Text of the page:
In 1502 Leonardo entered the service of Cesare Borgia, duke of Romagna and son and chief general of Pope Alexander VI; in his capacity as the duke’s chief architect and engineer, Leonardo supervised work on the fortresses of the papal territories in central Italy. In 1503 he was a member of a commission of artists who were to decide on the proper location for the David (1501-04, Accademia, Florence), the famous colossal marble statue by the Italian sculptor Michelangelo, and he also served as an engineer in the war against Pisa. Toward the end of the year Leonardo began to design a decoration for the great hall of the Palazzo Vecchio. The subject was the Battle of Anghiari, a Florentine victory in its war with Pisa. He made many drawings for it and completed a full-size cartoon, or sketch, in 1505, but he never finished the wall painting. The cartoon itself was destroyed in the 17th century, and the composition survives only in copies, of which the most famous is the one by the Flemish painter Peter Paul Rubens (c. 1615, Louvre). During this second Florentine period, Leonardo painted several portraits, but the only one that survives is the famous Mona Lisa (1503-06, Louvre). One of the most celebrated portraits ever painted, it is also known as La Gioconda, after the presumed name of the woman’s husband. Leonardo seems to have had a special affection for the picture, for he took it with him on all of his subsequent travels.
In 1506 Leonardo went again to Milan, at the summons of its French governor, Charles d’Amboise. The following year he was named court painter to King Louis XII of France, who was then residing in Milan. For the next six years Leonardo divided his time between Milan and Florence, where he often visited his half brothers and half sisters and looked after his inheritance. In Milan he continued his engineering projects and worked on an equestrian figure for a monument to Gian Giacomo Trivulzio, commander of the French forces in the city; although the project was not completed, drawings and studies have been preserved. From 1514 to 1516 Leonardo lived in Rome under the patronage of Pope Leo X: he was housed in the Palazzo Belvedere in the Vatican and seems to have been occupied principally with scientific experimentation. In 1516 he traveled to France to enter the service of King Francis I. He spent his last years at the Château de Cloux (later called Clos-Lucé), near the King’s summer palace at Amboise on the Loire, where he died on May 2, 1519.
Paintings until 1480s
Leonardo was enrolled as a painter in the fraternity of St Luke in Florence in 1472, after serving an apprenticeship with Verrocchio. Vasari attributed to Leonardo one of the angels in Verrocchio’s Baptism of Christ. Leonardo stayed in Florence until 1482. Several paintings are attributed to this early Florentine period, notably an exquisite Annunciation in the Uffizi and a portrait of Ginevra Benci (National Gallery of Art, Washington).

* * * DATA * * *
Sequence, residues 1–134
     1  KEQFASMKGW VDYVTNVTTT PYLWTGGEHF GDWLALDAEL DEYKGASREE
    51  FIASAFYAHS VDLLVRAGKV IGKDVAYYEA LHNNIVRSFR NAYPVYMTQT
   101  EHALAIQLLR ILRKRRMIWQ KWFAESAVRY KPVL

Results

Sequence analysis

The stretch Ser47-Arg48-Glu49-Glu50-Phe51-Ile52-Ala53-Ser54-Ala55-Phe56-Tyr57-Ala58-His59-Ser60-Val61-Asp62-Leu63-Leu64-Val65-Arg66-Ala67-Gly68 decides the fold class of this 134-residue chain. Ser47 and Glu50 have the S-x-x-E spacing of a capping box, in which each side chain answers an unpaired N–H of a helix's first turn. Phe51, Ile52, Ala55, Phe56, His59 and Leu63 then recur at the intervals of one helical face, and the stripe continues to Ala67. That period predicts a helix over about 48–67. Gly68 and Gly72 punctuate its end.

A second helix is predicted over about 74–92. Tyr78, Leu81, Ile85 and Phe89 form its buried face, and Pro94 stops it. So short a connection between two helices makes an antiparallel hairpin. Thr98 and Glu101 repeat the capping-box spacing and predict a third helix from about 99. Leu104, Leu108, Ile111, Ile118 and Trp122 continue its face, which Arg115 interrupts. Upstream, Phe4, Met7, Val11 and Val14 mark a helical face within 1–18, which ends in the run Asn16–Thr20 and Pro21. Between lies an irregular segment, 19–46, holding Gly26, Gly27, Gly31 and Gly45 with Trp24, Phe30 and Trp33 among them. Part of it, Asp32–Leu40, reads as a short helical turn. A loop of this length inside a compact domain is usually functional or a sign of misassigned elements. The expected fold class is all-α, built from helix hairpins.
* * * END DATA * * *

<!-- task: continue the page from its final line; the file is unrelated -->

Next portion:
Paintings in the 1480s
Leonardo lived in Milan from 1482 to until 1499 working mainly at the court of Duke Ludovico Sforza (Il Moro). His paintings in the 1480s included portraits, notably the marvellous picture of Duke Ludovico’s mistress Cecilia Gallerani known as the Lady with an Ermine and an altarpiece of the Virgin of the Rocks, which exists in two problematically related versions, the earlier (Louvre, Paris) possibly painted when Leonardo still was in Florence, the later (National Gallery, London) still being worked on in 1508.
Since the Early Christian era, the 6 January has been celebrated as the feast of Epiphany, the appearance of God amongst men in the form of Jesus Christ. Mankind is represented by the Three Kings, who are paying homage to the Messiah. The fall of the pagan world began at the same time as his appearance. Leonardo appears to have depicted this moment, so dramatic in human history, in his panel. It remained unfinished because Leonardo left Florence and moved to Milan, though we do not know why he did so. Chemical reactions and soiling mean it is now difficult to read this fascinating panel in detail.
With this painting Leonardo declares his independence from Verrocchio, emerging with a fresh, personal style. Although unfinished, this painting is far more innovative than his previous works. The composition is constructed around a central, pyramidal grouping of figures, and, most significantly, Leonardo here incorporates lights and darks in the underdrawing of this painting.
Even though the panel remained unfinished, the Adoration of the Magi, with its symmetrically composed main group which differs from the traditional linear composition, is now considered one of the most progressive works in Florentine painting. It puts into practice the demands Alberti made of history paintings in a way no other work in its era does. All the figures are involved in the events in the picture. The distinguished kings display their emotions in a more dignified manner than the accompanying figures around them, and the overall number of participants is kept within moderation. The figures are grouped in a circle around Mary and are expressing, with more or less vigorous gestures, their emotion at the first demonstration of divinity of the Christ Child.
The painting also differs from the traditional way of depicting the Adoration in Florence by means of the puzzling scenes in the background, the equestrian battles and an unfinished staircase. This led to the assumption that the Augustinian convent of San Donato in Scopeto, which had commissioned the picture, wanted to use this picture composition in order to convey its own theological interpretation of the Adoration theme.